• The World Health Organization advice page includes details about how the vaccines work and the safety analysis criteria for each type of vaccine being offered.
  • You can download a FAQs document from the NHS England site explaining everything from side effects to ingredients.
  • Centres for Disease Control and Prevention has a detailed list of medical conditions that impact your eligibility for vaccination.

For care home workers who are keen to get booked in well in advance of the new rules, you can book online through the NHS Booking page, which confirms that all social care workers are eligible.

Please get in touch with the OUTT team if you would like to chat about current care home vacancies, other roles in the social care sector, or any information contained in this article.

 

Maintain Care Staff Morale in Difficult Times

Maintain Care Staff Morale in Difficult Times

If we’ve learned anything this last year, it’s that collective care staff morale is one of the most powerful components of a successful team.

It can be particularly challenging for managers and employers to maintain great enthusiasm and commitment when the workplace has been a tricky environment.

Social care facilities and healthcare providers have had an astonishingly hard time.

Managing PPE shortages, staff self-isolation periods, increased anxiety, higher staff to patient ratios, and general stress has made it tough to focus on that all-important feeling of camaraderie crucial to staff retention and recruitment.

Add to the mix potential patient bereavements, workers who are struggling in their personal lives with family separations, and the indefinite cancellation of all holidays, and we’ve been managing a melting pot of frustration.

As a market-leading social care recruitment service, the OUTT.com team is here for our valued employers and professional care workers.

Here we share some guidance and well-established ways to engage with your teams and ensure everybody has a great support network, boosting morale and productivity across the board.

The Value of Workplace Morale in Care Settings

Perhaps more than most, care staff morale is crucial to delivering outstanding service.

The one-to-one connections with patients or residents and interpersonal elements of each role are intrinsically tied to workforce positivity.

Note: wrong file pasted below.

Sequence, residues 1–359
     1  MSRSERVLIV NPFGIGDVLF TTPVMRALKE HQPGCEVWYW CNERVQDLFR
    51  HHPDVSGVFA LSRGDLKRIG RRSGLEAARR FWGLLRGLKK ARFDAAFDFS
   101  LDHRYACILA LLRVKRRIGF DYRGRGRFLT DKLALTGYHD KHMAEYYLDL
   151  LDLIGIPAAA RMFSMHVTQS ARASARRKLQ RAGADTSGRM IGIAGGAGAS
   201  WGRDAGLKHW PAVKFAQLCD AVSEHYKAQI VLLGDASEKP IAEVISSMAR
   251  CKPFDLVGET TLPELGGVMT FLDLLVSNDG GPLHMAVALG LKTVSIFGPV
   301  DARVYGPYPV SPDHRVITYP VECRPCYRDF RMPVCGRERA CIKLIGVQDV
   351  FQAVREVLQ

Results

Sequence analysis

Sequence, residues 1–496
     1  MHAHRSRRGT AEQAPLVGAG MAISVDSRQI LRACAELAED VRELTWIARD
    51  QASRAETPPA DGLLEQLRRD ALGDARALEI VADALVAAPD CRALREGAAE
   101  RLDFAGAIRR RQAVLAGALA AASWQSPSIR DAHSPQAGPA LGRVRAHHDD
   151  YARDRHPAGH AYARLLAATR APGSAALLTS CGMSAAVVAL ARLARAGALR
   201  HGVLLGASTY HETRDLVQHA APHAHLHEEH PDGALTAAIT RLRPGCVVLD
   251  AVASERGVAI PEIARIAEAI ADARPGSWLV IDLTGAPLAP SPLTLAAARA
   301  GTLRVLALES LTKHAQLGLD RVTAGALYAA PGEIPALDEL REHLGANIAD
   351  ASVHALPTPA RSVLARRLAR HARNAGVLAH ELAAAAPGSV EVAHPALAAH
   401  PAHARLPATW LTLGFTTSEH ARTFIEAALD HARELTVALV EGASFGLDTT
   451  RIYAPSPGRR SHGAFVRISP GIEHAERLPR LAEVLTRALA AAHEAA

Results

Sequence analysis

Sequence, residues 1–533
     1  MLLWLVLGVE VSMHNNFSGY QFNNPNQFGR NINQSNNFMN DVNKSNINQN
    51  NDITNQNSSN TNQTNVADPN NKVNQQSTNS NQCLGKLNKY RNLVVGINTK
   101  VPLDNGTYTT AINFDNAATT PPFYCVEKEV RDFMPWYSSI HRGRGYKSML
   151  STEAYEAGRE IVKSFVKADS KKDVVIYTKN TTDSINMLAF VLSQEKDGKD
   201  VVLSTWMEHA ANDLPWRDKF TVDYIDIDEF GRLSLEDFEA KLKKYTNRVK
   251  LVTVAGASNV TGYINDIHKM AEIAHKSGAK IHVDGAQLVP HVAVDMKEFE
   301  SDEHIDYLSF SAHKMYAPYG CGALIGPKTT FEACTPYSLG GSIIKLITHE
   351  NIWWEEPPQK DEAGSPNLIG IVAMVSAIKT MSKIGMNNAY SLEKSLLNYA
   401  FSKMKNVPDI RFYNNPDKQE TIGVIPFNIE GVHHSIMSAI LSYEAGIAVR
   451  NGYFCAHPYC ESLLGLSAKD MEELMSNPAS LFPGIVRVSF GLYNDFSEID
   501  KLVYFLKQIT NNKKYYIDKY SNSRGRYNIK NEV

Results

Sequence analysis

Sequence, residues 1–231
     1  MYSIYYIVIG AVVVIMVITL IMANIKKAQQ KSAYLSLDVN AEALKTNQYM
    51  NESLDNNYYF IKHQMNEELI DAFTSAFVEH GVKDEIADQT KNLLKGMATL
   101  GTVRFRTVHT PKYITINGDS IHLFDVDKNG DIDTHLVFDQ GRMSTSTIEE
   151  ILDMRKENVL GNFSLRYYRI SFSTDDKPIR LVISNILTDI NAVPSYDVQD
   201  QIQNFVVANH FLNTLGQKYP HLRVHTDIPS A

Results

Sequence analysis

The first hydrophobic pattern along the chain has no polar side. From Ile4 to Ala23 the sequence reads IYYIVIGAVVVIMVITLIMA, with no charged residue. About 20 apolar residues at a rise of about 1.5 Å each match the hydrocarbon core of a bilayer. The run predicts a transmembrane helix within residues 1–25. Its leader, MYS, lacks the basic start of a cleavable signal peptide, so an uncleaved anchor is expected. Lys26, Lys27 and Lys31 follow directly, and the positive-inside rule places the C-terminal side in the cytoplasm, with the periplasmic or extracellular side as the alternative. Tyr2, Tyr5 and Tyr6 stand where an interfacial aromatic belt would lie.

Some of the reasons that morale is so crucial:

  • Employees that feel valued will be more committed to their roles.
  • Rewarded staff are less likely to leave and show higher productivity levels.
  • Better workforce engagement means fewer absences.
  • Good leadership ensures teams are better equipped to deal with challenges.
  • Staff that are invited to contribute have a vested interest in excellent organisational performance.

In a sector with alarming skill shortages, workforce managers must consider their staff morale.

Retaining outstanding quality care staff and recruiting fresh talent relies on having a vibrant, happy, engaged workforce that creates that element of teamwork.

One of the biggest takeaways is that workplace satisfaction isn’t a one-person responsibility. Staff who are having extreme difficulties aren’t going to want to engage in team-building activities, and so a holistic approach is vital.

That means reflecting on staff mental wellbeing, offering support services, and ensuring teams take breaks and holidays before they reach burn out.

Next, we’ll consider the role of employers in creating this platform for collaborative engagement.

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Improving Morale as a Social Care Employer

Talking about ‘happy staff, happy workplace’ isn’t always as simple to put into action. Every employee will have different needs, pressure points and personal considerations.

These impact their willingness to engage and how they interact with managers.

Best practice dictates that it is vital for employers to allow staff to contribute to their working environment or policies. Collaboration is critical, and workers invited to share opinions, submit ideas, or discuss feedback will be empowered to be positive team members.